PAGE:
The Confederation of Regional Business Chambers are among those calling on the Agostini’s Group to ensure that its recent acquisition of Oscar Francois Ltd won’t negatively impact citizens’ health care costs and supplies.
The confederation represents over 15 business entities and chambers from all over T&T. The group spoke on Monday regarding Agostini’s’ acquisition of leading pharmaceutical distributor Oscar Francois and associate company Intersol Ltd. The Agostini’s group – majority-owned by the Mouttet family – includes several companies, including the largest retail pharmacy chain SuperPharm.
Concerns are being expressed by businesses and the Pharmaceutical Board about the acquisition affecting other pharmacies and businesses. They’ve voiced concerns on effects of possible monopoly, including squeezing out other businesses, reliability of supply of items and the effect for consumers concerning prices.
The T&T Free Trading Commission, which approved the acquisition, has noted a stream of concerns about it. Responding to queries on Monday, the TTFTC said it will continue monitoring the operation post-acquisition. The commission has also urged members of the public to submit helpful information if they are aware of anti-competitive behaviour and practices that may constitute a possible breach of the Fair Trading Act.
On Monday, confederation co-ordinator Jai Leladharsingh said, “The confederation is pleased to observe that confidence in the economy is being demonstrated in a tangible manner through investments, for example via Agostini’s’ acquisitions. The confederation expresses hope that this new entity will be in a position to enhance and improve the reliability of supply of much-needed pharmaceuticals and other personal care products.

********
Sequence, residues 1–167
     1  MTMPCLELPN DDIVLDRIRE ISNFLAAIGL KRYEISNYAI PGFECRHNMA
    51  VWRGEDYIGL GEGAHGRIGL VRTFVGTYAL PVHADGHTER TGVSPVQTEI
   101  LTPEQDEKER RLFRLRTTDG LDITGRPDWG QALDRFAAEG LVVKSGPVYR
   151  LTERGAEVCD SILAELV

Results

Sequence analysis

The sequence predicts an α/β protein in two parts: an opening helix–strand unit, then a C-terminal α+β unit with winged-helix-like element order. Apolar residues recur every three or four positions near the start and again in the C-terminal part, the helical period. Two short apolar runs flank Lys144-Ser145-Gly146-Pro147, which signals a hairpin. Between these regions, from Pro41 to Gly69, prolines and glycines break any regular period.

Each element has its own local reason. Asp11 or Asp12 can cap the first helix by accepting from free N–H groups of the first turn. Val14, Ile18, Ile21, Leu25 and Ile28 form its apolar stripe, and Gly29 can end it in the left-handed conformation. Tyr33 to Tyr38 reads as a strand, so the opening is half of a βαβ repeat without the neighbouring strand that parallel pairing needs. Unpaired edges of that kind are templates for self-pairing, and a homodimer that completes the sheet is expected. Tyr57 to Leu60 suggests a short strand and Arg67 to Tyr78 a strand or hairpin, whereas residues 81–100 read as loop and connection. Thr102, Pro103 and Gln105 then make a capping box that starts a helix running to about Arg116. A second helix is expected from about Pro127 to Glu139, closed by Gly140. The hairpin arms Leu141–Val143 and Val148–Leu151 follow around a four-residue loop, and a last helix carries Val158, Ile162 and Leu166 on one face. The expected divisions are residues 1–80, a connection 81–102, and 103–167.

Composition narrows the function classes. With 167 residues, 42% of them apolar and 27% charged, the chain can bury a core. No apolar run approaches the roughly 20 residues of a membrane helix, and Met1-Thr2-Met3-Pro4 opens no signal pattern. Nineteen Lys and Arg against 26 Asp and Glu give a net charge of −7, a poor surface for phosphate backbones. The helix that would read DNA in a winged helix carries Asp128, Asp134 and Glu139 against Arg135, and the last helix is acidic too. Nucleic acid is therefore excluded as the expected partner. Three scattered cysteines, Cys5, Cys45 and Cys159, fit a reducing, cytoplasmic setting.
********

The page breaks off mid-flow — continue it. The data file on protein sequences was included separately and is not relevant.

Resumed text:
“However, concerns are being expressed by the confederation and there is the hope that this recent occurrence will not negatively impact the cost of health care to citizens, especially as we’re experiencing the deleterious effects of the COVID-19 pandemic.”
He added, “The confederation urges this group to continue to demonstrate a high level of trade practices, as this would enable the citizens and other vulnerable end-users of health care to continually access their products at an economical cost. This is critical for continued efforts by national stakeholders to manage the deep uncertainties prevalent locally and globally.”
Several other confederation members added, “While big businesses can gobble up smaller businesses and expand, smaller businesses are dealing with survival and staving off collapse, as they watch other businesses close, never to reopen. In the case of a potential monopoly, distributing medicine, Government has a responsibility to protect the consumer, especially since there is a lot of suspicion about who will purchase vaccines for Government – and that’s something that needs to be clarified so that there’s no doubt.”
On Monday UNC’s Rushton Paray said he’s checking pharmacies to assess the potential impact.
But former UNC MP Dr Fuad Khan, who in a family of pharmacists, said he saw nothing wrong with the way Agostini’s was consolidating but noted the playing field should be levelled by the Health Ministry to allow pharmacies to import generic drugs especially to cater to those who can’t afford bigger priced items.
“For any sector, you must have contingencies. People only buy companies if they want to sell and more will be sold as business is shutting down all the time,” Khan said.